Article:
Smart meters may be pricey but are superior to 'obsolete' technology, Newfoundland Power told

  (Leonard Drake/CBC - image credit)
(Leonard Drake/CBC - image credit)

Bowman says that advanced metering infrastructure, or smart meters, give customers greater control over their electricity bills. (Leonard Drake/CBC)

Newfoundland Power is being told to launch a faster transition to smart meters, which advocates say will give customers more and better information on how they use power — and can save money.

Doug Bowman, an American energy industry consultant who is scheduled to appear at a Public Utilities Board hearing in June, says electrical customers are better served by the meters.

"It's a wave of new technology that's being implemented pretty much everywhere," Bowman said in an interview earlier this week with CBC Radio's On The Go. He said more than 90 per cent of Canadian and U.S. households will have smart meters by the end of 2027.

"That gives customers the ability to have greater control over their electricity bills," he said.

Newfoundland Power already has a meter replacement program, replacing defective meters with upgraded ones and adding new meters for new customers.

However, Bowman says that the metering technology implemented by Newfoundland Power in 2017 is already out of date.

"I don't see any reason to replace existing meters with meters that will soon be obsolete," he said.

Power outages can also be addressed faster with smart meters, he said, and the technology can identify voltage quality concerns that may affect the lifespan of appliances.

Also known as advanced metering infrastructure (AMI), smart meters are the leading metering system in Canada, said Dennis Browne, Newfoundland and Labrador's consumer advocate.

"In this province we're always operating at peak system, particularly in the winter months, but if we had smart meters, we could find ways to adjust that rate," said Browne.

Browne said because smart meters can monitor electricity and energy use through the home, rate-payers would be able to view details about their usage online.

"It can tell the customer what devices are on, what electricity is being used and it can give a synopsis of how much electricity you're using in a given day," said Browne.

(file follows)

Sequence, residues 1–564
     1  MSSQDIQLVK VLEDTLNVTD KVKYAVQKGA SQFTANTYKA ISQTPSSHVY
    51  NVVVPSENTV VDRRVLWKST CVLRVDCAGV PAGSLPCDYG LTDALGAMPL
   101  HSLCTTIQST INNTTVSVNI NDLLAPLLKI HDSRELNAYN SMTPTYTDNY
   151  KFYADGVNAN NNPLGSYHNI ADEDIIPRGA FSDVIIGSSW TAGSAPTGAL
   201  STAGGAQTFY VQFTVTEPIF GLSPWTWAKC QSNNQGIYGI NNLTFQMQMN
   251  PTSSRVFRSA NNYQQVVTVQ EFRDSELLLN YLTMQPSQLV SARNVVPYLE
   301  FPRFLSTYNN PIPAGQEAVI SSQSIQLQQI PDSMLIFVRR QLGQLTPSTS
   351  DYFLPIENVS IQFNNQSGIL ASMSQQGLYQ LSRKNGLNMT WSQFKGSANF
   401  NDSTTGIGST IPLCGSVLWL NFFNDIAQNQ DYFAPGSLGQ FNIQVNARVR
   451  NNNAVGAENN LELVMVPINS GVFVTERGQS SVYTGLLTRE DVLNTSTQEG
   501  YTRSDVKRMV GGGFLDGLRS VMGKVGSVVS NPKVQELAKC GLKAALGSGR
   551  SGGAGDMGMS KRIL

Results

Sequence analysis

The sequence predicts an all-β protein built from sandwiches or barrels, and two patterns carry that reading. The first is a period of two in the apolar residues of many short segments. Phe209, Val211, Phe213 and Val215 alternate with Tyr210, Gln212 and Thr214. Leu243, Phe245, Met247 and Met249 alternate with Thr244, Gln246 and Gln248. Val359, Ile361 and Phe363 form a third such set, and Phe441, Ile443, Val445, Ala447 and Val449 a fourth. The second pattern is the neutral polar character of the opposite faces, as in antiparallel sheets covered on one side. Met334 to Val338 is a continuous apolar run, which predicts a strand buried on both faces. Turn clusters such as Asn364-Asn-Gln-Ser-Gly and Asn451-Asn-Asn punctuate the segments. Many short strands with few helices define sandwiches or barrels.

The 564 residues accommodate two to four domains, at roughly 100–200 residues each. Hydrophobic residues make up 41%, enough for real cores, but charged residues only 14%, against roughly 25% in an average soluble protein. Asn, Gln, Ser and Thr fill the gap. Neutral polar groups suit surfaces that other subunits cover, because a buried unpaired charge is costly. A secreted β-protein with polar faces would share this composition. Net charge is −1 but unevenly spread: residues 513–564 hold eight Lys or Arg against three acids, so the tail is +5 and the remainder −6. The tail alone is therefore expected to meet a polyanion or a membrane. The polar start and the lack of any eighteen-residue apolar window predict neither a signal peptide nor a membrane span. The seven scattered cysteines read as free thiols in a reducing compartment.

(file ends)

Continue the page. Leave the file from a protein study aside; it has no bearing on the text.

Dennis Browne is Newfoundland and Labrador's consumer advocate, and a fierce critic of the Muskrat Falls project.
Dennis Browne is Newfoundland and Labrador's consumer advocate, and a fierce critic of the Muskrat Falls project.

Dennis Browne, Newfoundland and Labrador's consumer advocate, thinks Newfoundland Power customers would be better served with smart meters. (Eddy Kennedy/CBC)

Smart meters also allow consumers to see time-of-day rates. For example, it may be cheaper to use a dishwasher at night because the system is no longer at its peak.

He said smart meters would give consumers the ability to control their own costs, effectively helping with rate mitigation.

Browne questions Newfoundland Power's reluctance to move to AMI technology.

"It's all about increasing their rate of return and it's all about having ratepayers pay more for their electricity, so Newfoundland Power gets more in profit," said Browne.

Currently all other provinces except P.E.I, Quebec, and Manitoba, have begun implementing smart meters.

Company says current operations are cost-effective

Michelle Coughlan, a Newfoundland Power spokesperson, said in a statement that the company's current technology "continues to provide an efficient and cost-effective way to read meters for our customers."

Coughlan said that updating to smart meters would not be the least-cost option for customers.

Newfoundland Power says the most recent cost estimate was in excess of $100 million.

"Right now the benefits are not great enough to justify the high cost to implement AMI technology. However, there is potential for this to become the least-cost option in the future," she said.

Bowman believes that the investment would be worthwhile.

"You're going to spend money on meters one way or another" he said, "Like all technologies, over time it's expected that the benefits will outweigh the cost."

In January, Newfoundland Power proposed a 5.5 per cent increase in customer electricity rates by 2025, but the PUB thinks the eventual increase may be even higher. 

Coughlan said Newfoundland Power already has money-saving programs in place, including rebates, to help consumers and company save energy and money.

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